« Reply #395 on: December 29, 2019, 10:04:28 AM »
No chance of a morning walk today. The overnight rain let up for a short time and the sun attempted to make an appearance, but the threat of more rain to come was still there. In fact it arrived shortly after I took this photo.
Cyprus Branch Head. Gardens in a field 40 m above sea level with reasonably fertile clay soil.
"Aphrodite emerged from the sea and came ashore and at her feet all manner of plants sprang forth" John Deacon (13thC AD)

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John J

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Re: Morning walk
« Reply #396 on: December 30, 2019, 06:43:58 AM »
Yesterday's rain continued overnight, awoke several times to hear it pounding down, and this morning the intensity increased even more for a while accompanied by thunder and lightning. Tried to get a photo of the 'stair rods' coming down, not too successfully but there's a hint of them there.
Cyprus Branch Head. Gardens in a field 40 m above sea level with reasonably fertile clay soil.
"Aphrodite emerged from the sea and came ashore and at her feet all manner of plants sprang forth" John Deacon (13thC AD)

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John J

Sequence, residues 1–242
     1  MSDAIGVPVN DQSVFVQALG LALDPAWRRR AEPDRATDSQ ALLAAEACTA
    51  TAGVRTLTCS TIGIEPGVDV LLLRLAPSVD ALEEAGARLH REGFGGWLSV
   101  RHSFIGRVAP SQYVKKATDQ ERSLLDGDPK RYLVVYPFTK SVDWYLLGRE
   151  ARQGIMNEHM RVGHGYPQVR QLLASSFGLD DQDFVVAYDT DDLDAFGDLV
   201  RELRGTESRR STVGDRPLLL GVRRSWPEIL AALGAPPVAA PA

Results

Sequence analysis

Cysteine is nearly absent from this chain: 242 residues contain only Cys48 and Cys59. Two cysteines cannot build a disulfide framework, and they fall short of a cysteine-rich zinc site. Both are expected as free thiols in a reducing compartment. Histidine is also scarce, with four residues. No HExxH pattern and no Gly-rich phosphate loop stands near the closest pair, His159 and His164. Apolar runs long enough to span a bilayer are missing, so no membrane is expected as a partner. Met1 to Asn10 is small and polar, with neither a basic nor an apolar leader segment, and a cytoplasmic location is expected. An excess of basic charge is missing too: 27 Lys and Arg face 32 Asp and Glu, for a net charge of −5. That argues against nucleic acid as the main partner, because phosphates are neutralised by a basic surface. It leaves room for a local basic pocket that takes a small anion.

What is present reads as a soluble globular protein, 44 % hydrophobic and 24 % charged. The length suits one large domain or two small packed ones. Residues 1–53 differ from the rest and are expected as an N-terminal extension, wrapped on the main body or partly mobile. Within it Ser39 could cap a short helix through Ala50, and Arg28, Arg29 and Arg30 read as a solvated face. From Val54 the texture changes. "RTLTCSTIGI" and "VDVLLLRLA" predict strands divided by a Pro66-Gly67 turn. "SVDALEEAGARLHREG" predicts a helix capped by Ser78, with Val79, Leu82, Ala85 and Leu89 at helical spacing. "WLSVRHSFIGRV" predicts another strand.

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Re: Morning walk
« Reply #397 on: December 31, 2019, 07:59:37 AM »
After a solid week of almost continual rain the sun has finally put in an appearance so I went out, camera in hand, to see what might be around. The aloes near the house were still bravely displaying their Christmas candles, or should that be New Year's fireworks?
The Montanoa grandiflora flowers remained intact.
The Eremophila may be a desert lover but the rain doesn't seem to have fazed it.
The Philadelphus probably prefers the cooler, wetter temperatures than the scorching heat of summer.
The Thunbergia alata grows under a massive fig tree so is probably protected from the worst of the downpours.
The berries on the Nandina look quite festive.
We are eagerly anticipating enjoying the avocados as they should be ripening soon.
Cyprus Branch Head. Gardens in a field 40 m above sea level with reasonably fertile clay soil.
"Aphrodite emerged from the sea and came ashore and at her feet all manner of plants sprang forth" John Deacon (13thC AD)

Umbrian

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Re: Morning walk
« Reply #398 on: December 31, 2019, 08:31:42 AM »
Always amazes me how resilient most flowers are to heavy and persistent rain - roses being the obvious exception often. Those avocados look wonderful John, enjoy 😊
MGS member living and gardening in Umbria, Italy for past 19 years. Recently moved from my original house and now planning and planting a new small garden.

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John J

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Re: Morning walk
« Reply #399 on: January 01, 2020, 04:21:48 PM »